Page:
The trade pact, which seeks to create a single market for goods and services and promote cross-border movement of capital and people, should boost intra-African trade — currently at only 18 per cent–and regional integration.
It is also expected to be a boon for the creative sector. Key players in the creatives industry said as much when they met in Kigali, Rwanda, in 2019, even before the trade area launched.
“We wanted to deconstruct the AfCFTA,” said Josh Nyapimbi, Executive Director of Nhimbe Trust, a pan-African creative civil society organization based in Zimbabwe, adding that the creative and cultural industries can “leverage the agreement to advance our economies.”
Similarly, Wamkele Mene, the Secretary-General of the AfCFTA Secretariat, has emphasized the need for youth involvement in cross-border trade through the creative industry and technology. He says that the active participation of young people in the free trade area could boost jobs creation and catalyze economic development.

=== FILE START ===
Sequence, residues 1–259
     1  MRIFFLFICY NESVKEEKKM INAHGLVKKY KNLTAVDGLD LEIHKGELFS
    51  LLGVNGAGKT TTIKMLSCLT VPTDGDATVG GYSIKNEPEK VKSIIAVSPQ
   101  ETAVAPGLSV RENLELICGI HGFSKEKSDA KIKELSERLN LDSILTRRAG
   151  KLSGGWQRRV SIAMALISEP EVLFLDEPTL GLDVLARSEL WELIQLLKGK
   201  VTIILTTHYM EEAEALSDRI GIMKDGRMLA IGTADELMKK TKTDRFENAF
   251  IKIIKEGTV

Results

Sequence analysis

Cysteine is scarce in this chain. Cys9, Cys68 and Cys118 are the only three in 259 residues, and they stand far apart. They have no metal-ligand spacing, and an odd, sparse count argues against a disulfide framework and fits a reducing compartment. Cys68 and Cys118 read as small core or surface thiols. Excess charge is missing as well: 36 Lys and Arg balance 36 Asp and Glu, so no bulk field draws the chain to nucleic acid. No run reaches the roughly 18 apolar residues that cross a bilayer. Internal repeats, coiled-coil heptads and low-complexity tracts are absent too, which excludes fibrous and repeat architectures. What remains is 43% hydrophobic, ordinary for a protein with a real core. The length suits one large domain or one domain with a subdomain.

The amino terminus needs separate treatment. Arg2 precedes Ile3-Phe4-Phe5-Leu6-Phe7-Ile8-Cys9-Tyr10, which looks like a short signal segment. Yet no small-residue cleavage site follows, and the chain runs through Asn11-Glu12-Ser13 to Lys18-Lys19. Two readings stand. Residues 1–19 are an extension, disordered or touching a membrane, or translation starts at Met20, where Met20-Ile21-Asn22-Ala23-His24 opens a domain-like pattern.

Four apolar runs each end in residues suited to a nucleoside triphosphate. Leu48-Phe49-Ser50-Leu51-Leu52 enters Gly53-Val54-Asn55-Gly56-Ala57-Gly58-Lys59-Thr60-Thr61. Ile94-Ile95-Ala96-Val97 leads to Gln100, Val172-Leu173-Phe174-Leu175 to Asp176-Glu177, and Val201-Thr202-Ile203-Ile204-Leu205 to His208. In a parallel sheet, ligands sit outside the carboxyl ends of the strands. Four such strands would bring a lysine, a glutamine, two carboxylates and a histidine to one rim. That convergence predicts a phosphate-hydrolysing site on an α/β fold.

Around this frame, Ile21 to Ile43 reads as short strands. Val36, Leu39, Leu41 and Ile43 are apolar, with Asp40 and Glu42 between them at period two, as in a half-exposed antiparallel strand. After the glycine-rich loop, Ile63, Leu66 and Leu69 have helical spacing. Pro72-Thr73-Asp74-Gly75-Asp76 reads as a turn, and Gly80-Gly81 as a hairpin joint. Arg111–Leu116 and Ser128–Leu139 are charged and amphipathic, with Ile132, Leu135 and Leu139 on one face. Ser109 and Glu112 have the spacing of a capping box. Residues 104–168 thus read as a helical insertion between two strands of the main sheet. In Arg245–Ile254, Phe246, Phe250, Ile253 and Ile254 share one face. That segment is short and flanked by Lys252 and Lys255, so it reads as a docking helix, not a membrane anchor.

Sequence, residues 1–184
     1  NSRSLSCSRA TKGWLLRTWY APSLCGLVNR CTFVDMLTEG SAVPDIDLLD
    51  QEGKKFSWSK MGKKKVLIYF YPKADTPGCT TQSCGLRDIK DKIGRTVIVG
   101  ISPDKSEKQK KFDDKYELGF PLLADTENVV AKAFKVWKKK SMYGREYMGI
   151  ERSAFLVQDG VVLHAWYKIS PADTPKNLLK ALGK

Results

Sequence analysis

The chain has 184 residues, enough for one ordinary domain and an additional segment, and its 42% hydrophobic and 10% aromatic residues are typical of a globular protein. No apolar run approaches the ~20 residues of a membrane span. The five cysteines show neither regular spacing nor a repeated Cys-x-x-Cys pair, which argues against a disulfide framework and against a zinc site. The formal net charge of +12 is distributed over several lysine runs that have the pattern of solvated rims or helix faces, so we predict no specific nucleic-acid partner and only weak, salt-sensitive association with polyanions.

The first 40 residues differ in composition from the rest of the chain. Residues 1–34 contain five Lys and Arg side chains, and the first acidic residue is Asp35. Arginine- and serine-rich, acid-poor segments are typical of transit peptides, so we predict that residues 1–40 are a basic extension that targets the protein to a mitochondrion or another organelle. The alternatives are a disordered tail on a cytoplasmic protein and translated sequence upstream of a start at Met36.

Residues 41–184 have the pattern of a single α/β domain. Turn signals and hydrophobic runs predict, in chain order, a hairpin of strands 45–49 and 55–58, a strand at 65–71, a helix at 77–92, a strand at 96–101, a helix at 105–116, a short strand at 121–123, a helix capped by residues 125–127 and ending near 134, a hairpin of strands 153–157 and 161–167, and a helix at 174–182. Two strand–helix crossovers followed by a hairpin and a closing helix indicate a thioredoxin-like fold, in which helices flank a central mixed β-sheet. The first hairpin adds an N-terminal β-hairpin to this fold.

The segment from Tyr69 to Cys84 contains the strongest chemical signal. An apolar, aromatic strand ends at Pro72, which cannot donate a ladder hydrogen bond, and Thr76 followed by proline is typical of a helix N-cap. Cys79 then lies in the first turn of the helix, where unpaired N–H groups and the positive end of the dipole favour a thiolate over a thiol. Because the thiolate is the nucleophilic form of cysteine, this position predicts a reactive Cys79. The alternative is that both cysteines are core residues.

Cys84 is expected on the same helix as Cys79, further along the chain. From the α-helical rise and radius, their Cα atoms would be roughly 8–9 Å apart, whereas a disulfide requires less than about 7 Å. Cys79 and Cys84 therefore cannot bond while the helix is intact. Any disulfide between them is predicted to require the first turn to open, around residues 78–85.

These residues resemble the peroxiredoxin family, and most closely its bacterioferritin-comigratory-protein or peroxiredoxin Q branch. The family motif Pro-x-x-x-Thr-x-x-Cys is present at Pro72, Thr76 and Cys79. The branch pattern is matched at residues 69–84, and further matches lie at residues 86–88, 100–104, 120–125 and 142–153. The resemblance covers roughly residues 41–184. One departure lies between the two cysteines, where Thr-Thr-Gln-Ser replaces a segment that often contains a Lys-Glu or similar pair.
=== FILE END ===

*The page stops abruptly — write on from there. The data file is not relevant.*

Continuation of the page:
Africa’s creative sector is diverse and includes visual and performing arts, crafts, cultural festivals, paintings, sculptures, photography, publishing, music, dance, film, radio, design, fashion, video games, digital animation, architecture, and advertising, according to the UN Conference on Trade and Development (UNCTAD).